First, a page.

AHRQ Report: Hospitals Have Made Little Gains in Preventing Infections
U.S. hospitals have made little progress in eliminating health care-associated infections, according to the Agency for Healthcare Research and Qualityâs annual National Healthcare Quality Report, Modern Healthcare reports.
The report concludes that infection prevention and patient safety efforts deserve attention (McKinney, Modern Healthcare, 4/13).
The congressionally mandated analysis tracked trends in the U.S. health care system's performance in 2007 on more than 200 measures across four areas of quality: effectiveness, safety, timeliness and patient focus of care.
The study found that overall health care quality improved by 2.3%.
However, researchers also found that rates for certain infections had worsened across the previous year:
- Postoperative sepsis, or bloodstream infections, increased by 8%;
- Postoperative catheter-associated urinary tract infections rose by 3.6%; and
- Selected infections due to medical care increased by 1.6%.
However, the report found that rates of postoperative pneumonia improved by 12% and found no change in the number of bloodstream infections associated with central venous catheter placements (Preidt, Health Day, 4/13).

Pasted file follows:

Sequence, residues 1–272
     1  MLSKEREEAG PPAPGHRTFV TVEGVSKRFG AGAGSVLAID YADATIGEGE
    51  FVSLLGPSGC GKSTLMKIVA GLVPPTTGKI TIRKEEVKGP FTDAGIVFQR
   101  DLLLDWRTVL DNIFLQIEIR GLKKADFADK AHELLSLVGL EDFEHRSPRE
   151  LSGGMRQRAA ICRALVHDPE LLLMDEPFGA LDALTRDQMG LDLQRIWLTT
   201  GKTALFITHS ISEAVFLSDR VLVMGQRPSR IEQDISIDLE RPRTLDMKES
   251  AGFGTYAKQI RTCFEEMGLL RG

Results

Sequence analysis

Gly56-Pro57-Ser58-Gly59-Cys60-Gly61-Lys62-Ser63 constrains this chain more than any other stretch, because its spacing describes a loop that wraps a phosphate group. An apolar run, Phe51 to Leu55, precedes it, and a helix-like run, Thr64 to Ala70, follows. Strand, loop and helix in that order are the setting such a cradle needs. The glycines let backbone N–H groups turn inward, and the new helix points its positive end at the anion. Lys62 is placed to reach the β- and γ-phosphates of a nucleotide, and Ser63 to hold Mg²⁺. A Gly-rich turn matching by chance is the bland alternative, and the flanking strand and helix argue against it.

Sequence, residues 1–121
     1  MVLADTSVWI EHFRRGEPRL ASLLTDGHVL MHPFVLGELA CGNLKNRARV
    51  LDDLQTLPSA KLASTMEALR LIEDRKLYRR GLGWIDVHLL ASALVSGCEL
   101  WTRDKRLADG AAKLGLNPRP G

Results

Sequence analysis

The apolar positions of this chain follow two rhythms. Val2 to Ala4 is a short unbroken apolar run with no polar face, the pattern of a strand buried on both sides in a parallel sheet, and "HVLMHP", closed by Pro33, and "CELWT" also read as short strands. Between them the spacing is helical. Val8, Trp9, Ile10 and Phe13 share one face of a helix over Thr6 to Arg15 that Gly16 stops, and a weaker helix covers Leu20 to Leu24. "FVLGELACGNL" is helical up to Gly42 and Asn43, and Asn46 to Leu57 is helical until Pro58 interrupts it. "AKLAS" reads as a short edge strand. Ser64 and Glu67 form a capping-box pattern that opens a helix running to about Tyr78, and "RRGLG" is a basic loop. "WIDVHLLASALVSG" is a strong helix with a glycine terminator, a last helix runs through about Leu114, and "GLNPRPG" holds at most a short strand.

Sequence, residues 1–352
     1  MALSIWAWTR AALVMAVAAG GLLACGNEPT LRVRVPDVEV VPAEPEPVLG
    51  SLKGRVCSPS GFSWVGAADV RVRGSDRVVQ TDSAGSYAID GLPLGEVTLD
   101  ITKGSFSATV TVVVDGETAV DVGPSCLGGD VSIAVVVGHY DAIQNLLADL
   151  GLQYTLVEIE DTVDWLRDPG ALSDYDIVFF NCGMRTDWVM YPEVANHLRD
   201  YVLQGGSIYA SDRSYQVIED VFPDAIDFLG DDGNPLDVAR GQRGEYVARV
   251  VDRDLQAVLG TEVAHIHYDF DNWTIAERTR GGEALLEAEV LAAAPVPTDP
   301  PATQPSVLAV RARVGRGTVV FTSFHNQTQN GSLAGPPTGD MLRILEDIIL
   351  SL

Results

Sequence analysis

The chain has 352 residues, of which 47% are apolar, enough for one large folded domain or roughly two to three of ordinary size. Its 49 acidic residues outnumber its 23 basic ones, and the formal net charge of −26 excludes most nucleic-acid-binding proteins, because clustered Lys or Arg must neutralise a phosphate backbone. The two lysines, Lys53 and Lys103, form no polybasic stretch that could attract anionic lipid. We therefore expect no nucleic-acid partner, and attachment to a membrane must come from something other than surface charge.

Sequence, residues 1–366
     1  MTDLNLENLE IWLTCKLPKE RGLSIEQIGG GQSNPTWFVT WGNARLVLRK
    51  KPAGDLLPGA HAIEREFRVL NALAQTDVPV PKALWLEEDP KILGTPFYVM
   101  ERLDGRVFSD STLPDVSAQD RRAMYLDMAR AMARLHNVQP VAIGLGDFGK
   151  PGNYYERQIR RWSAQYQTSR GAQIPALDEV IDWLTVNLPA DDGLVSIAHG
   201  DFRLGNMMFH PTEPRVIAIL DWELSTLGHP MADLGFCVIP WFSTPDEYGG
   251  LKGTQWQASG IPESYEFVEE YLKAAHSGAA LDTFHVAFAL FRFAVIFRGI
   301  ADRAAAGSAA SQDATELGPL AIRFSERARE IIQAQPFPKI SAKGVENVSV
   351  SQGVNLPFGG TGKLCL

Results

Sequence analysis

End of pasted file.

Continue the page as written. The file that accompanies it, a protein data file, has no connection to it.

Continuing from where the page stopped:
Carolyn Clancy, AHRQâs director, said the findings show that the health care system is not achieving the "more substantial strides" needed to address quality shortfalls.
However, Clancy highlighted proven strategies that have shown success in reducing infection rates, including using basic standards for hand hygiene, disinfecting patients, handling equipment and proper use of antibiotics (Sack, New York Times, 3/13).
Separate AHRQ Report Highlights Health Care Quality, Access Disparities
Meanwhile, a separate AHRQ report examining national health care access gaps found major disparities between minorities and whites, as well as between uninsured and insured populations (New York Times, 4/13).
Black, Hispanic, Asian and American Indian patients were less likely than white patients to receive preventive antibiotics prior to surgery in a "timely manner." Further, uninsured patients were less likely to receive routine health screenings and vaccinations compared with insured patients.
Overall, the report concluded that lack of insurance is the "single strongest predictor of poor quality care," exceeding race, ethnicity, income or education (AHRQ release, 4/13).This is part of the California Healthline Daily Edition, a summary of health policy coverage from major news organizations. Sign up for an email subscription.